Humours of an ElectionDepending on the number of spares after the heir, the one-time tradition amongst the aristocracy was that the son lowest in the pecking order went into the Church; it was seen as a safe, comfortable option for the one with little or no hope of inheriting the family title – a bit of a booby prize, but better than nothing. With the clout of the Church in British society now even more diminished than that of the aristocracy, one wonders if the preferred profession of the second or third son of the nouveau riche dynasties in the 21st century is politics. Very few new arrivals in Westminster Village appear to be particularly intelligent individuals, so perhaps the smart sons (or daughters) are earmarked for the same big business daddy made his fortune in whilst politics is reserved for the idiot offspring. It would certainly explain the deterioration in the quality of our political leaders over the past couple of decades; indeed, if one goes to the very top, has there ever been a worse run of Prime Ministers than Brown, Cameron, May and Johnson? Sure, history has had its fair share of Downing Street disasters, but four in a row seems a bit extreme.

Perhaps it’s no real surprise that politicians tend to quit earlier nowadays; few betting men would put their life savings on any of the current crop possessing the staying power of a Dennis Skinner or a Ken Clarke, for sure; and when they prematurely bow out, where do most go? Big business seems to be the career of choice – on the boards of all the companies, corporations, banks and financial institutions that donated to their party whilst they were in office; this suggests the business world was the desired destination all along and politics was merely a stepping stone to a place where political fame is a free pass to a directorship in the absence of business nous. So much for public service. In a way, this perhaps explains why so many of Westminster’s bright young things who not much more than a decade ago were singled out as ones to watch (in terms of potential future leaders) are no longer in politics and why the long-serving Parliamentarian could well be an endangered species.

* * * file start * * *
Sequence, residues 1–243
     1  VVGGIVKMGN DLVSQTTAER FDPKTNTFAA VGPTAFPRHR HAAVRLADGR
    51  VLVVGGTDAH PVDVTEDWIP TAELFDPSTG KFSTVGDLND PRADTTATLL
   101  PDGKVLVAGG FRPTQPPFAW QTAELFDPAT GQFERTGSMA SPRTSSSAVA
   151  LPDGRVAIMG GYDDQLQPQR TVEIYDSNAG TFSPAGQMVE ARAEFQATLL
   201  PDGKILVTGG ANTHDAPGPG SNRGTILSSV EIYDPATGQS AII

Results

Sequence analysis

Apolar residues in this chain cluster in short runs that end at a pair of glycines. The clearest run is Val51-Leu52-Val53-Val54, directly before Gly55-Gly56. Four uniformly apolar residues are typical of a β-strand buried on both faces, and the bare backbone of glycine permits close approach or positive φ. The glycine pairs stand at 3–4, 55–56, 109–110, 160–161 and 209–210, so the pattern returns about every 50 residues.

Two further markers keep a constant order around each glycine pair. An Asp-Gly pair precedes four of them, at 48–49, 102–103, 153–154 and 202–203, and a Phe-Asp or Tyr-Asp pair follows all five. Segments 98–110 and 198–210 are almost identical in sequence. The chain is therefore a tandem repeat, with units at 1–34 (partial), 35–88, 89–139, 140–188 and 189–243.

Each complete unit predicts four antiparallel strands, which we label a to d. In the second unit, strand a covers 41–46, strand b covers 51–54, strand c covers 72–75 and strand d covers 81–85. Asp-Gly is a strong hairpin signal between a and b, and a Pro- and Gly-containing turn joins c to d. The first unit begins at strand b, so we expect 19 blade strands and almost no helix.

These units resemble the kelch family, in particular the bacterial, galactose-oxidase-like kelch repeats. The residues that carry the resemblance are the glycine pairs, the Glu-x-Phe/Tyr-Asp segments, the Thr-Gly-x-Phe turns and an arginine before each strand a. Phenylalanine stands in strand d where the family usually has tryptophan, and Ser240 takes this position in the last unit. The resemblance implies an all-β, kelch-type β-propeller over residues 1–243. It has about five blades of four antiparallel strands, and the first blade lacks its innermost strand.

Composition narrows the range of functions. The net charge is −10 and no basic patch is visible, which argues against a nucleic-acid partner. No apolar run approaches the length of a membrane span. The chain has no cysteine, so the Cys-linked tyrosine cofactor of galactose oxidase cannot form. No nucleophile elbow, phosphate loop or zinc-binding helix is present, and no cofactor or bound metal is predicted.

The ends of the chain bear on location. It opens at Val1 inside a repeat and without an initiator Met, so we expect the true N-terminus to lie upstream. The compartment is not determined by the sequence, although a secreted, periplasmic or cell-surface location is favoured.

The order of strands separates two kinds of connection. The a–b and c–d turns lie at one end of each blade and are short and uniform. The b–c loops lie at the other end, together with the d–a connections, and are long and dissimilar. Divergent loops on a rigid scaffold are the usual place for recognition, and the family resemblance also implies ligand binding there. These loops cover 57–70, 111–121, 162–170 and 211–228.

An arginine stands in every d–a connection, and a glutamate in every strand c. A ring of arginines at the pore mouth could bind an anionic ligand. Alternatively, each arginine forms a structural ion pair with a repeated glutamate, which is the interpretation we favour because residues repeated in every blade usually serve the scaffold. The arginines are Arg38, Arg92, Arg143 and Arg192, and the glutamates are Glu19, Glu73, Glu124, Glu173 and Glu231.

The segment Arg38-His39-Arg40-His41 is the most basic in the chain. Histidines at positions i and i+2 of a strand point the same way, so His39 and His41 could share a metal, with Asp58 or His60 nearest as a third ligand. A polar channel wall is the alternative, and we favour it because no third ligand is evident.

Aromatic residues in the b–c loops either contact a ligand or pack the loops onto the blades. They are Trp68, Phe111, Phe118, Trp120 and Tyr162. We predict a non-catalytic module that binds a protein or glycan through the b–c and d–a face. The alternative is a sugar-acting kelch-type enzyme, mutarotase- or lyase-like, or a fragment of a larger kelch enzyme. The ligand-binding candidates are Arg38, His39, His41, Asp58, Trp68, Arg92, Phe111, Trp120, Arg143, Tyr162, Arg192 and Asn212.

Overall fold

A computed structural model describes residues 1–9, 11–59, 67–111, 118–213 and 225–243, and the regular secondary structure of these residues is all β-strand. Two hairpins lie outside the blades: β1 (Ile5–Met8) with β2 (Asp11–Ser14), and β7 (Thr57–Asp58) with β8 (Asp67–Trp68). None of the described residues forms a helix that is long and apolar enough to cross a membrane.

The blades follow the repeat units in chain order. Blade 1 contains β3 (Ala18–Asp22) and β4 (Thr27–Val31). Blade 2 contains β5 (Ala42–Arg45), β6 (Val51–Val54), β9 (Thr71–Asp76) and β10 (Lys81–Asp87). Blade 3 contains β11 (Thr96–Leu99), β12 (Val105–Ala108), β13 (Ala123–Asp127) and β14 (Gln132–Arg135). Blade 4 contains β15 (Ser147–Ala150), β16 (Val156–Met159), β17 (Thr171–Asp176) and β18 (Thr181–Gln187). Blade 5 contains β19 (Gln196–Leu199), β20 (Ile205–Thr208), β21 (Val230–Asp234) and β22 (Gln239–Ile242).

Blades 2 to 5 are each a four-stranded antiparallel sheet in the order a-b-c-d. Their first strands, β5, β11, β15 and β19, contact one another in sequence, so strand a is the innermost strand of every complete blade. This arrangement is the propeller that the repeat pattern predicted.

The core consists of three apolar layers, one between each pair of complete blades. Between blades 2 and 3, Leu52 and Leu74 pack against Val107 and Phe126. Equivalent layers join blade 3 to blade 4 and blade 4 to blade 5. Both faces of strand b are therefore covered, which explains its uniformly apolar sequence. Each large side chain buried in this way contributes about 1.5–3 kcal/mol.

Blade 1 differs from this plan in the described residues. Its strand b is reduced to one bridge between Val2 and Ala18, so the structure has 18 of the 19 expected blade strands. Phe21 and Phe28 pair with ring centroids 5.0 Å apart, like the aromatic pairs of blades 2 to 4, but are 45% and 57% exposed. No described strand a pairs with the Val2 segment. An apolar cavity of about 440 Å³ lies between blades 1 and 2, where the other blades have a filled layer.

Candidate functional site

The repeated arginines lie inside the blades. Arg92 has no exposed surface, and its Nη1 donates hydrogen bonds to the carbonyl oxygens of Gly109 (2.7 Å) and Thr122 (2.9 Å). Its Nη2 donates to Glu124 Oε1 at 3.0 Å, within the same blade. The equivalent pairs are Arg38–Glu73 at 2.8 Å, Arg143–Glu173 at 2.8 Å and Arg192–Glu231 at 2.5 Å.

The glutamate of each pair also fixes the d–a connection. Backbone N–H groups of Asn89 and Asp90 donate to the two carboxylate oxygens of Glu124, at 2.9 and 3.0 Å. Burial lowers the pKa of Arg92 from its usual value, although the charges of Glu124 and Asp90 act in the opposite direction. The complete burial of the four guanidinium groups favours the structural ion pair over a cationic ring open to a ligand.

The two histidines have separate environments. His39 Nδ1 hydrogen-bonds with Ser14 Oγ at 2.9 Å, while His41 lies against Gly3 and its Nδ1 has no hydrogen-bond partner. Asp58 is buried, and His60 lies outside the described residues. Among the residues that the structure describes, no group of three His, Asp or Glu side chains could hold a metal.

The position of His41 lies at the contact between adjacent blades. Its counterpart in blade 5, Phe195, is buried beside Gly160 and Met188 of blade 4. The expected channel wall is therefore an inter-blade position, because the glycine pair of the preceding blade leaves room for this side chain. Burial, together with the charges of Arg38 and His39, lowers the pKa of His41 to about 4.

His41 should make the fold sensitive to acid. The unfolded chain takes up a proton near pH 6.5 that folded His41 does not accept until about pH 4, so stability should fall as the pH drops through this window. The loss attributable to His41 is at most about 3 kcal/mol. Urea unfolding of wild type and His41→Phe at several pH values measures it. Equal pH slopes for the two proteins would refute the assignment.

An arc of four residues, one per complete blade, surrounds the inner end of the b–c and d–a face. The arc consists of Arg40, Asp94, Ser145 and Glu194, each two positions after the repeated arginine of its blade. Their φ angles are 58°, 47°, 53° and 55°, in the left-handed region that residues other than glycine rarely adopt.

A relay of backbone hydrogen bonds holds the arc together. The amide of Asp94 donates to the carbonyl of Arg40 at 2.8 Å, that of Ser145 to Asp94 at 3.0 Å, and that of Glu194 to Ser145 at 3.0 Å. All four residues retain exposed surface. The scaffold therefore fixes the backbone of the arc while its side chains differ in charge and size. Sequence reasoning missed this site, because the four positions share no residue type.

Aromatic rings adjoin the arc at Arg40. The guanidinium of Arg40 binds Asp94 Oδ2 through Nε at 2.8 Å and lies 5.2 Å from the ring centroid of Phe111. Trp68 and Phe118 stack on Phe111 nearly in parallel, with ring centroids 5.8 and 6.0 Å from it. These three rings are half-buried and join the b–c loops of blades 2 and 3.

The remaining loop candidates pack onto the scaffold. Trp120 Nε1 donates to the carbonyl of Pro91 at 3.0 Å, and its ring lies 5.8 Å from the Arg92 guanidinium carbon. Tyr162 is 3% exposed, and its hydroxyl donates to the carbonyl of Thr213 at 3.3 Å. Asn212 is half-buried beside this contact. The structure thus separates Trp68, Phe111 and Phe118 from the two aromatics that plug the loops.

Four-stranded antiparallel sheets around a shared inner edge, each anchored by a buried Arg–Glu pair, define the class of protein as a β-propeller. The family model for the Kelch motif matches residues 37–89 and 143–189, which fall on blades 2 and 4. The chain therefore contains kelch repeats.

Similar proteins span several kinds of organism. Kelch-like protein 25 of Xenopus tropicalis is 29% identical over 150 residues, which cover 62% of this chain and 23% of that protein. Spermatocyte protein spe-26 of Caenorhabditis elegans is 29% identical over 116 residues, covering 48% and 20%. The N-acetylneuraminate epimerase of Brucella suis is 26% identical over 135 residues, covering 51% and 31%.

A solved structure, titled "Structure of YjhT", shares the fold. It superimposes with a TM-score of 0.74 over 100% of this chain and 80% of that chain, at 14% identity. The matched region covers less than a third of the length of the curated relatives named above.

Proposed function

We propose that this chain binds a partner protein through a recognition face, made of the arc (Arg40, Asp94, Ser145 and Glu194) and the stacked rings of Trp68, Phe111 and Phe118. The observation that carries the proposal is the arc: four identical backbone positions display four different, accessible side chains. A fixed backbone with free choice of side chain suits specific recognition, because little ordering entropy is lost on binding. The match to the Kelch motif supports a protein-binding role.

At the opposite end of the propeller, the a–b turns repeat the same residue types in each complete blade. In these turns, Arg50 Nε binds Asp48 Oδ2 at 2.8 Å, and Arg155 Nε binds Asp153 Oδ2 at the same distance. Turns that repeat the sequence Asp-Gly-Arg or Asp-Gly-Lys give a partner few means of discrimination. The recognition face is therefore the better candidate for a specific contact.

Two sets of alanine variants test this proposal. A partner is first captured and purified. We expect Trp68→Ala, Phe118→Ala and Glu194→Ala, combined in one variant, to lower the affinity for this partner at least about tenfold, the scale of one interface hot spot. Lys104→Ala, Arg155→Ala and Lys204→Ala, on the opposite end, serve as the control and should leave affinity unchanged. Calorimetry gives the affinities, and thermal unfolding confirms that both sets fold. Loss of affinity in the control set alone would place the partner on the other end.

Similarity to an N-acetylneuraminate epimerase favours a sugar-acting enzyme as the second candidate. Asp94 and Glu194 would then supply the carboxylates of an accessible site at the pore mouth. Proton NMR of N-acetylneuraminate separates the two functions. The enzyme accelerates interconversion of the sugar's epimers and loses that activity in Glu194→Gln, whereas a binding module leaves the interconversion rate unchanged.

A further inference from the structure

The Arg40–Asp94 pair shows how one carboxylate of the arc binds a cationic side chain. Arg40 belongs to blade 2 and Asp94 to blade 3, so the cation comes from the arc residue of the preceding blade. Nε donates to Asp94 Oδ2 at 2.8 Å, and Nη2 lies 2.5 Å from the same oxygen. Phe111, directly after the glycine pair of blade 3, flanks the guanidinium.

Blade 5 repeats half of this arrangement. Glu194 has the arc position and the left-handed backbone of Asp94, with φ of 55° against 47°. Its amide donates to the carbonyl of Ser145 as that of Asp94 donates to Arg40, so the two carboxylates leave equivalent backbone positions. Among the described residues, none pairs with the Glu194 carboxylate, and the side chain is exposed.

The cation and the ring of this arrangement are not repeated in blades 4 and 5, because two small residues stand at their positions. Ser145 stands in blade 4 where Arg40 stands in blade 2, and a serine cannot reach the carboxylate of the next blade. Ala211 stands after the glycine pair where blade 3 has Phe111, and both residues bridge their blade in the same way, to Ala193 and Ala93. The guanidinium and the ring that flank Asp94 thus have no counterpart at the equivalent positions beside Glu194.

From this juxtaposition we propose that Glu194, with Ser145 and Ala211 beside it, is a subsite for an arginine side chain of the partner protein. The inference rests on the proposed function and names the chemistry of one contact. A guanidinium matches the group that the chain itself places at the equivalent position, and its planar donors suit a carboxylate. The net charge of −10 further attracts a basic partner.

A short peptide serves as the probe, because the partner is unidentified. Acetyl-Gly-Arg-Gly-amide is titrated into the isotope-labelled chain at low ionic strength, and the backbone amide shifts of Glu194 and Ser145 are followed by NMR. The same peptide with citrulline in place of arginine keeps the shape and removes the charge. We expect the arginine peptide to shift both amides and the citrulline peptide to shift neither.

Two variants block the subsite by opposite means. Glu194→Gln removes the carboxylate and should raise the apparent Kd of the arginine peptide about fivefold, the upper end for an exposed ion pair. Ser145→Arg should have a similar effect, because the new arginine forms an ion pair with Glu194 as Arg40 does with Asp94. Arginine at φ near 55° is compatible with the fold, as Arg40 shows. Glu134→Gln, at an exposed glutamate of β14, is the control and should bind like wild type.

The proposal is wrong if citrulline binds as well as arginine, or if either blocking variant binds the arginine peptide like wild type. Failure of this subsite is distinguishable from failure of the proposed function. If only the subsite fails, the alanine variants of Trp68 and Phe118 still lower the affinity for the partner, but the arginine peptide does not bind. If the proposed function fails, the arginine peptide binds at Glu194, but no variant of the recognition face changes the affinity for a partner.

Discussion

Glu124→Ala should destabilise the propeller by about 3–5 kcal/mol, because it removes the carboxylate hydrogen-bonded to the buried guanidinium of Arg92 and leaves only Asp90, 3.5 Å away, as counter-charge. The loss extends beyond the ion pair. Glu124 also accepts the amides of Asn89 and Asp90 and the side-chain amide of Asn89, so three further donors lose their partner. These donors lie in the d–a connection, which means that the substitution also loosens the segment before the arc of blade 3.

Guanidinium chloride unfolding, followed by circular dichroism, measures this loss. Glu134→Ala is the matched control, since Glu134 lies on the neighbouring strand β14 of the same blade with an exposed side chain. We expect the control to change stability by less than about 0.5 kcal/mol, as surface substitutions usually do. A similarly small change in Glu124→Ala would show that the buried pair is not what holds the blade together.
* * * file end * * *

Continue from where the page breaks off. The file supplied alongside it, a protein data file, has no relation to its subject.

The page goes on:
The advent of the career politician travelling along the smooth conveyor belt has been discussed many times before, entering politics with no life experience beyond their social bubble and then quitting for big business, the kind that is equally detached from the majority of the electorate. Previously, most politicians made their journeys the other way round, beginning by earning a recognisable living and then politics being seen as the end goal, arriving with a wealth of life experience to bring to the table. For some, there was a vocational calling to politics, though it would be naive to suggest all past politicians were motivated by purely selfless good intentions; politics has always been a handy haven for crooks and charlatans, and though some of the more honest Honourable Members who avoid losing their seats gradually lapse into the geriatric irrelevance of an old retainer, many of the good men and women remain hard at it until age eventually catches up with them.

Still, it’s difficult to escape the feeling that the overall standard of politician and political leader has definitely declined in recent years. One could possibly argue the rot set in with New Labour and its emphasis on style over substance, a factor embodied by Tony Blair and subsequent Blair copyists like David Cameron. At the same time, watching the current BBC2 series analysing the New Labour era as told by its key players, some of that period’s big beasts now seem positively heavyweight compared to those who have succeeded them. One wonders how much worse things have to get before today’s gravitas-free intellectual lightweights are looked back on as political giants – and few voters these days would invest much faith in the sentiments of the 1997 New Labour Election theme song; who in 2021 could possibly believe things can only get better?

When the average IQs of most leading politicians were considerably higher than the same average today, the more nefarious amongst them were naturally dangerous characters to hold power; yet I’d much rather have a clever villain in charge than an idiot – the latter being characterised by its own unique dangers in the same way a blunt instrument is potentially more lethal than a sharp one. The events of the past couple of years have seen so much power ceded to the stupid that the world is far less safe than it would be if controlled by highly intelligent bastards. Not even this lot initially imagined they could get away with transplanting a totalitarian tool like lockdown from Communist China to Western Europe and across the global Anglosphere, yet they did it…and the people let them. When Jacindra Arden can shamelessly admit she’s deliberately creating an effective apartheid system in New Zealand based around vaccine status, and cannot resist flashing her equine incisors as her eyes glint at the prospect, it’s undeniable these fools can’t believe their luck.